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Pottery for Everyman


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#41 OffCenter

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Posted 14 June 2013 - 08:39 AM

Nelly;
Sometimes we are FORCED to break out of our rut. I have made some jumps in my work, e.g., moving out of stoneware and into earthenware, and then Majolica. This last winter, I decided to only do hand building, after the rush of Christmas. I made a couple of plaster press molds, and was even considering slip casting. I made a series of coil built planters from my mold-one a day. I also made some Styrofoam press molds, and I really liked the results of the slab trays. I incorporated all the "happy accidents" of mark making. Each one became a little painting. I priced them accordingly.I sold quite a few at my spring sale. Now I am back throwing, but I have a whole new dimension to my work.
The weather has been so gorgeous, I am outside, watering my tomatoes. Back on the wheel soon.
TJR.


Interesting post. How do styrofoam press molds work? Got pictures?

Jim
E pur si muove.

"But it does move," said Galileo under his breath.

#42 Benzine

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Posted 14 June 2013 - 10:10 AM



I'm certainly no professional potter- I have only been throwing for a little over a year. But I rarely use a bat and don't do "production pieces". I try to make my smaller pieces and lift them off right away. The larger ones that i am afraid of warping sit overnight on the wheel and then get removed. Usually when they warp all i have to do is run a finger along the rim of the piece to pop it back into place. I also saw a video from simon leach where he used a piece of newspaper on the rim before lifting it to keep it's shape. I tried this and it seems to help, (but I never remember to do it)

I think potters develop a few key pieces they are good at producing fairly quickly and then experiment with more fun pieces. (at least that is what I am attempting to do) There is a lady who owns a yarn shop that wants to carry my yarn bowls. (i crochet and belong to their knitting club) I am trying to make a bunch but it's not easy.


I see a lot of people making knitting bowls. I honestly didn't know there were that many people, who were into knitting.


Benzine;
I just want you to know that I don't make knitting bowls.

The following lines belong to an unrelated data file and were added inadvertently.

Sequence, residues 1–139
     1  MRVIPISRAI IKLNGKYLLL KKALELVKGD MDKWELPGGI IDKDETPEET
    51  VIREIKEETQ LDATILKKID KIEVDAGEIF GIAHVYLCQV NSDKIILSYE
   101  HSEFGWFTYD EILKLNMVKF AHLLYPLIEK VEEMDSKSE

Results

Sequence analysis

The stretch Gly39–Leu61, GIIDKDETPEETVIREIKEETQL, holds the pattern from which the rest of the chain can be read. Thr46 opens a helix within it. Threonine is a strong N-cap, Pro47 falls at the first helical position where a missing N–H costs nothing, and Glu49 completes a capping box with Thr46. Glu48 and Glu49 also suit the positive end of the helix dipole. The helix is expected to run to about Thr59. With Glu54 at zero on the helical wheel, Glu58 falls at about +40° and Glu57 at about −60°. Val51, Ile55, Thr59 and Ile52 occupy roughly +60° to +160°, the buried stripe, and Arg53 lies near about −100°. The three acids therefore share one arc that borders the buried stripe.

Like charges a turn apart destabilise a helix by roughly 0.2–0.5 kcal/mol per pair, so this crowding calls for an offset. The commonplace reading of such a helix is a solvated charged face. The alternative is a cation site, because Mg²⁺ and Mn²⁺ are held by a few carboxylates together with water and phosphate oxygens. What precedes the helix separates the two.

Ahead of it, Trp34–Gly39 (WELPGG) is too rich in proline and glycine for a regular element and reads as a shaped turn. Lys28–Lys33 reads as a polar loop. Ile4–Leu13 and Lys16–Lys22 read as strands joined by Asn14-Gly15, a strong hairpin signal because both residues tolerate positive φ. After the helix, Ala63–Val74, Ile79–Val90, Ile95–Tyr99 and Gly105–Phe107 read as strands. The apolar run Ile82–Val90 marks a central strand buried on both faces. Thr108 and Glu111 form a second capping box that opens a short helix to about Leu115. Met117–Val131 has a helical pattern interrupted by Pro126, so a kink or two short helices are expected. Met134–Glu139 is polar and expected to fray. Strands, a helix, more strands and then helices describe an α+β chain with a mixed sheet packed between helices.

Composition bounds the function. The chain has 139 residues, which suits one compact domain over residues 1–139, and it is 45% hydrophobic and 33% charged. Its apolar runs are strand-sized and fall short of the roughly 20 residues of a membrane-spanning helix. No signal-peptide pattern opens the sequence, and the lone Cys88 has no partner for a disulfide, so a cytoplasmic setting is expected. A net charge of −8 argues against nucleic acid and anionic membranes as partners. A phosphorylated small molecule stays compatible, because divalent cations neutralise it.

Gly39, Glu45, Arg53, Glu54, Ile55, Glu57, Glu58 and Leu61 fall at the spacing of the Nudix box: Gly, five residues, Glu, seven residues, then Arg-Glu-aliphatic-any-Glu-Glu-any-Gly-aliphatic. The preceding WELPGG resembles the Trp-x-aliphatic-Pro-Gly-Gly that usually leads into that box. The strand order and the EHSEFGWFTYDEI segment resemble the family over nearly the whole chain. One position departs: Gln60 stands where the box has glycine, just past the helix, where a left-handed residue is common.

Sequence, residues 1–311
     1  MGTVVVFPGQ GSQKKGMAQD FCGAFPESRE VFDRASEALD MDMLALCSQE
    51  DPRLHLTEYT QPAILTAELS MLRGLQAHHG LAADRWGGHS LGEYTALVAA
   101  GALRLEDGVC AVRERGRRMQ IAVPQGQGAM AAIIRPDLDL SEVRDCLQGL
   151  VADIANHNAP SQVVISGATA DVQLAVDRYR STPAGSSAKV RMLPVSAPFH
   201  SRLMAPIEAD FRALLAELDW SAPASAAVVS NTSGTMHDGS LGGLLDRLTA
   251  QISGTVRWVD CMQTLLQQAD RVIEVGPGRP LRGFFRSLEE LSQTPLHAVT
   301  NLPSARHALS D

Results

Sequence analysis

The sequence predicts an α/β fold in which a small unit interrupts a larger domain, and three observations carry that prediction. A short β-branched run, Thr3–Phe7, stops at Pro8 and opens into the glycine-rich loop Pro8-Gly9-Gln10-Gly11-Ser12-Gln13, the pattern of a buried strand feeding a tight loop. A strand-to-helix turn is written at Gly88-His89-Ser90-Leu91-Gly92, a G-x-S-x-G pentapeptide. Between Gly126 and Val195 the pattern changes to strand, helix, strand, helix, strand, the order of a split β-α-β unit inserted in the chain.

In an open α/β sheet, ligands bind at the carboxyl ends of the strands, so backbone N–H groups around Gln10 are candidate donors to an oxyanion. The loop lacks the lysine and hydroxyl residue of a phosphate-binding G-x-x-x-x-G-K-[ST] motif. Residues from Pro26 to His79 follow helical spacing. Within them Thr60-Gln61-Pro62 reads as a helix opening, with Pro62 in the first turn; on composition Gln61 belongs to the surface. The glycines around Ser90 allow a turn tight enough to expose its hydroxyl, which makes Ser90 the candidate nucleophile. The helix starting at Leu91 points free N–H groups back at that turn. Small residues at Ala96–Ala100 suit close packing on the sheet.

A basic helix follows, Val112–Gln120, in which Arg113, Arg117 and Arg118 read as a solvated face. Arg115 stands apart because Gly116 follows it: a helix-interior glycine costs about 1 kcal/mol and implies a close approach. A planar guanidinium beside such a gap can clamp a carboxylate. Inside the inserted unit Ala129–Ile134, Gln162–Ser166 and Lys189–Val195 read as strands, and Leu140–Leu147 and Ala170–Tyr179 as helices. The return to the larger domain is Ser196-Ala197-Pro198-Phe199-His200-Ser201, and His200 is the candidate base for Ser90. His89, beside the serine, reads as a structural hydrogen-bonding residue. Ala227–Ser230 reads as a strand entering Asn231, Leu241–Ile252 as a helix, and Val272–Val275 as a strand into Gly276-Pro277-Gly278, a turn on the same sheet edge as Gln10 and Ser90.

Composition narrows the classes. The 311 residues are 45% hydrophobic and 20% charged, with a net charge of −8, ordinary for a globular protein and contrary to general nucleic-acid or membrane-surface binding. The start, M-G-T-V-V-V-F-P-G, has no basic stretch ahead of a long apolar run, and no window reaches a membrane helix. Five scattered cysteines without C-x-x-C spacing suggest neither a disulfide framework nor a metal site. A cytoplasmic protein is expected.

TJR.


Ha! No demand for those, in the Great North?

Nothing against the bowls, or knitting, it just seems there are a lot of people making them, as of late.
"Anything worth believing, is worth questioning"

#43 TJR

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Posted 15 June 2013 - 09:44 AM




I'm certainly no professional potter- I have only been throwing for a little over a year. But I rarely use a bat and don't do "production pieces". I try to make my smaller pieces and lift them off right away. The larger ones that i am afraid of warping sit overnight on the wheel and then get removed. Usually when they warp all i have to do is run a finger along the rim of the piece to pop it back into place. I also saw a video from simon leach where he used a piece of newspaper on the rim before lifting it to keep it's shape. I tried this and it seems to help, (but I never remember to do it)

I think potters develop a few key pieces they are good at producing fairly quickly and then experiment with more fun pieces. (at least that is what I am attempting to do) There is a lady who owns a yarn shop that wants to carry my yarn bowls. (i crochet and belong to their knitting club) I am trying to make a bunch but it's not easy.


I see a lot of people making knitting bowls. I honestly didn't know there were that many people, who were into knitting.


Benzine;
I just want you to know that I don't make knitting bowls.
TJR.


Ha! No demand for those, in the Great North?

Nothing against the bowls, or knitting, it just seems there are a lot of people making them, as of late.

Benzine;
Maybe that came off a bit sarcastic. I am working on that.I haven't seen many knitting bowls up here in the Great White North. People do knit here.
TJR.

#44 Benzine

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Posted 24 June 2013 - 01:04 PM





I'm certainly no professional potter- I have only been throwing for a little over a year. But I rarely use a bat and don't do "production pieces". I try to make my smaller pieces and lift them off right away. The larger ones that i am afraid of warping sit overnight on the wheel and then get removed. Usually when they warp all i have to do is run a finger along the rim of the piece to pop it back into place. I also saw a video from simon leach where he used a piece of newspaper on the rim before lifting it to keep it's shape. I tried this and it seems to help, (but I never remember to do it)